Each aisle she turned down, he seemed to be there. By the shelves of Cap’n Crunch and Cocoa Puffs. By the cans of chicken noodle soup and pinto beans and pasta sauce.
By the rows of fresh lettuce.
And when Jacee Cole went to check out, he was there by the cash registers, too.
She didn’t know who he was or what he wanted or why he was watching her. “I think I’m being followed,” she whispered to her mom on her phone.
“I don’t know what to do.”
As Cole pulled out of the grocery store parking lot, the man appeared again in her rearview mirror and tailed her into her Magna neighborhood. She called police, but he drove off before officers arrived. She worried he would come back.
If he did, Cole wanted to be able to defend herself.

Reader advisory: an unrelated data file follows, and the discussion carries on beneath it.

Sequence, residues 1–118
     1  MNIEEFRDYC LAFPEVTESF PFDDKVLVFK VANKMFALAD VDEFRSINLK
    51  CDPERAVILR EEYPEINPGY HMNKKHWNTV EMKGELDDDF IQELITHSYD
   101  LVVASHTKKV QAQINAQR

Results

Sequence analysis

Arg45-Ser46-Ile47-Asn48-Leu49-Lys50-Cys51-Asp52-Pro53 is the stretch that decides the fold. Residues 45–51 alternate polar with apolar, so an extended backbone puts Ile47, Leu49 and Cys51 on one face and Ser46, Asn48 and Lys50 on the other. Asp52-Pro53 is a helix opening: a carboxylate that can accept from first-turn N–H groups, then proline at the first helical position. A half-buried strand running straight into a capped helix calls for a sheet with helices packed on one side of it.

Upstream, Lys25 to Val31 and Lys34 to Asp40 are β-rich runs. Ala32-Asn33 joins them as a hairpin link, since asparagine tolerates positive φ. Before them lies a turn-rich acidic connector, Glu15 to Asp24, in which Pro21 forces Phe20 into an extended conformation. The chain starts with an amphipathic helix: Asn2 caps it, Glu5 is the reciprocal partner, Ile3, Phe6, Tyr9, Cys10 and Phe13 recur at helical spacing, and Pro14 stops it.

So last year, shortly after the state green-lighted Utahns as young as 18 to get concealed carry permits, she completed the training and bought a 9mm handgun. She was 19. “A lot of people told me I was too young for it,” said Cole, now 20. “But I feel safer.”
She’s not the only one. Since the reduced age limit took effect on May 9, the state has issued more than 1,400 permits for 18- to 20-year-olds to carry concealed firearms. That includes 107 in January alone.
And in the wake of the deadly school shooting in Florida last month, gun-rights advocates anticipate the numbers will go up even more as young adults search for a sense of security in a handgun.